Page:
You're in a hurry, you need to quickly add something dynamic to a simple web page. You want to use React because it's a better structure than plain old JavaScript or jQuery. In this tutorial, I'll show you how to create a very simple quiz component using React and embed it into a basic web page.

1. Add React library from the CDN

To keep things simple, we'll link to React, React DOM and Babel from the CDN.

<script src="https://cdnjs.cloudflare.com/ajax/libs/react/15.4.2/react.js" charset="utf-8"></script>
<script src="https://cdnjs.cloudflare.com/ajax/libs/react/15.4.2/react-dom.js" charset="utf-8"></script>
<script src="https://cdnjs.cloudflare.com/ajax/libs/babel-standalone/6.21.1/babel.min.js" charset="utf-8"></script>

The three scripts are React (the framework), ReactDOM (to map it to a browser DOM) and Babel (to allow us to use modern JavaScript and compile it for use in the browser in real-time).

2. Create a component

Now create a simple React component, in our case a quiz widget.

<script type="text/babel">
class Quiz extends React.Component {
	constructor(props) {
    	super(props);
    	this.state = {
        	correct: null
        };
    }
    
    answer(correct) {
    	this.setState({
        	correct
        });
    }

    render() {
    	let question = null;
        if (this.state.correct === null) {
            question = <div>
                <button onClick={() => this.answer(false)}>a) A graph database query language</button>
                <button onClick={() => this.answer(true)}>b) An API query language</button>
                <button onClick={() => this.answer(false)}>c) A graph drawing API</button>
        	</div>;
        }
        let answer = null;
        if (this.state.correct === true) {
        	answer = <div className="correct">Correct! It is an API query language</div>;
        } else if (this.state.correct === false) {
        	answer = <div className="incorrect">Nope! It's actually an API query language</div>;
        }
        
        return <div className="quiz">
            <p>What is GraphQL?</p>
            {question}
            {answer}
        </div>;
    }
}
ReactDOM.render(
    <Quiz />,
    document.getElementById('quiz')
);
</script>

This is a very basic React component which renders a 3 button quiz. When the user clicks on one of the buttons, the component updates telling them if they are correct or not. The quiz renders wherever you place the <div id="quiz"></div> tag.

You will notice that the embedded script isn't a text/javascript content type, but a text/babel content type. This is so we can use modern JavaScript, such as JSX and arrow functions. The babel script we included above will compile this automatically on the page load. Ideally you would precompile the JavaScript, but this of course is a quick and dirty solution.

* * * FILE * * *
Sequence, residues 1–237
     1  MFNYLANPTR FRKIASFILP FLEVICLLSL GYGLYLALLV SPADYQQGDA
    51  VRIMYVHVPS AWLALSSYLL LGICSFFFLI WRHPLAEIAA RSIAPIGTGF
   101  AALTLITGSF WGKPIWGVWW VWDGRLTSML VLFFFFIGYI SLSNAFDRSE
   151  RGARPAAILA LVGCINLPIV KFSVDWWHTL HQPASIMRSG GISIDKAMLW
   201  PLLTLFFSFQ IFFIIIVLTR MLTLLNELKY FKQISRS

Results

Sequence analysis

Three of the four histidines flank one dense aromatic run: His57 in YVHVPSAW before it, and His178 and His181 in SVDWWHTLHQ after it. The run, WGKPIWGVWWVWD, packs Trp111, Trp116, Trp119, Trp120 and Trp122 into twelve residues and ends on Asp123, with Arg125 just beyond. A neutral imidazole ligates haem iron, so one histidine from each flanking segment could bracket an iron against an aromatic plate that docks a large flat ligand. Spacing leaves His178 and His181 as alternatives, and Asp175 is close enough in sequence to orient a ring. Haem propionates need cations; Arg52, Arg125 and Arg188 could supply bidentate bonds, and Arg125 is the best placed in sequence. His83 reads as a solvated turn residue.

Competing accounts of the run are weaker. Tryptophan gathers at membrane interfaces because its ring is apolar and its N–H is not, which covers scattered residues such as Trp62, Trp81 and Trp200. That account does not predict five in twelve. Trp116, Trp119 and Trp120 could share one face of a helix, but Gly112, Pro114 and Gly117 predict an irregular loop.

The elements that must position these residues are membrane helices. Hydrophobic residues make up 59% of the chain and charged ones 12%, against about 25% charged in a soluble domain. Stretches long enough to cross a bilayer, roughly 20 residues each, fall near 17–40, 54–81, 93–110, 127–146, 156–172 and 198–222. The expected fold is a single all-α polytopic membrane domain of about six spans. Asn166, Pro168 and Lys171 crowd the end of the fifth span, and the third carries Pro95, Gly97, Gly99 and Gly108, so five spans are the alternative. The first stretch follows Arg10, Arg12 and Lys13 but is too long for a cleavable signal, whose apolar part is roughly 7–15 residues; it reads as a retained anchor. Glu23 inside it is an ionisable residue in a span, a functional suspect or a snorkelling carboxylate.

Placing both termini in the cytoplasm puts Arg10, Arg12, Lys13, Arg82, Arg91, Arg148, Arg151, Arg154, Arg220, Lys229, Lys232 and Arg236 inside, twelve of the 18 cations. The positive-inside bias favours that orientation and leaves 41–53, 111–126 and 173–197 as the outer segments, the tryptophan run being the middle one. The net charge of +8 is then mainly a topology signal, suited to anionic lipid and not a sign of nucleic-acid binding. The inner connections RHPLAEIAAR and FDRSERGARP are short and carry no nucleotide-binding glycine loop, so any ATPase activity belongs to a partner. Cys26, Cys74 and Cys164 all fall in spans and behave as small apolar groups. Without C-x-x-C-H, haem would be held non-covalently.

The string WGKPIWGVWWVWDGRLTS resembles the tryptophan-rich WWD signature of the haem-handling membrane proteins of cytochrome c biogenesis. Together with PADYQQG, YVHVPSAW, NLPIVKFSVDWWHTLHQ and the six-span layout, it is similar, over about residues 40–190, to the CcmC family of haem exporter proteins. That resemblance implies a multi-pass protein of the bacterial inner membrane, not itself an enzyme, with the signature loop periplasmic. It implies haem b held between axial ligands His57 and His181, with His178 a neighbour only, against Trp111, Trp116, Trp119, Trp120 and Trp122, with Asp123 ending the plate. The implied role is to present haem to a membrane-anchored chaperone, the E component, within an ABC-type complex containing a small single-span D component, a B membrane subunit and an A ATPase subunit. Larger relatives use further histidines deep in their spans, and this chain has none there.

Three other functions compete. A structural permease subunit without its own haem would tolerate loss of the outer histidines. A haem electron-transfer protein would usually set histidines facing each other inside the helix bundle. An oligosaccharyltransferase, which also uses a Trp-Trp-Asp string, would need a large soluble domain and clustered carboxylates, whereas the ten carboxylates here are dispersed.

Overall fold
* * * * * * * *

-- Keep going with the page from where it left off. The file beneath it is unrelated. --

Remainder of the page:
We can add some styling to the quiz using the <style> tag.

See it in action

Using the above technique, this quiz has been embedded to this article.

The full code

Here's a full example which you can try out yourself.

<!DOCTYPE html>
<html>
<head>
    <title>Developer Quiz</title>
    
    <script src="https://cdnjs.cloudflare.com/ajax/libs/react/15.4.2/react.js" charset="utf-8"></script>
    <script src="https://cdnjs.cloudflare.com/ajax/libs/react/15.4.2/react-dom.js" charset="utf-8"></script>
    <script src="https://cdnjs.cloudflare.com/ajax/libs/babel-standalone/6.21.1/babel.min.js" charset="utf-8"></script>

    <style>
        .quiz {
            display: block;
            background: linear-gradient(to bottom, #2a86d6 0%,#7db9e8 100%);
            padding: 40px;
            color: #ffffff;
        }

        .quiz button {
            display: block;
            margin-bottom: 10px;
            color: #000000;
        }

        .quiz .correct {
            background-color: #ffffff;
            padding: 5px;
            color: #11AF08;
            font-weight: bold;
        }

        .quiz .incorrect {
            background-color: #ffffff;
            padding: 5px;
            color: #FF0C0C;
            font-weight: bold;
        }
    </style>

    <script type="text/babel">
    class Quiz extends React.Component {
        constructor(props) {
            super(props);
            this.state = {
                correct: null
            };
        }

        answer(correct) {
            this.setState({
                correct
            });
        }

        render() {
            let question = null;
            if (this.state.correct === null) {
                question = <div>
                    <button onClick={() => this.answer(false)}>a) A graph database query language</button>
                    <button onClick={() => this.answer(true)}>b) An API query language</button>
                    <button onClick={() => this.answer(false)}>c) A graph drawing API</button>
                </div>;
            }
            let answer = null;
            if (this.state.correct === true) {
                answer = <div className="correct">Correct! It is an API query language</div>;
            } else if (this.state.correct === false) {
                answer = <div className="incorrect">Nope! It's actually an API query language</div>;
            }

            return <div className="quiz">
                <p>What is GraphQL?</p>
                {question}
                {answer}
            </div>;
        }
    }
    ReactDOM.render(
        <Quiz />,
        document.getElementById('quiz')
    );
    </script>
</head>
<body>
    <div id="quiz"></div>
</body>
</html>

Conclusion

There you have it, a very quick way to embed React onto a web page. Should you do this for a production web site, probably not. But it can get you out of bind if you're up against the clock or are working in a code base that doesn't have a proper build process. I'm sure we've all been there 🙂.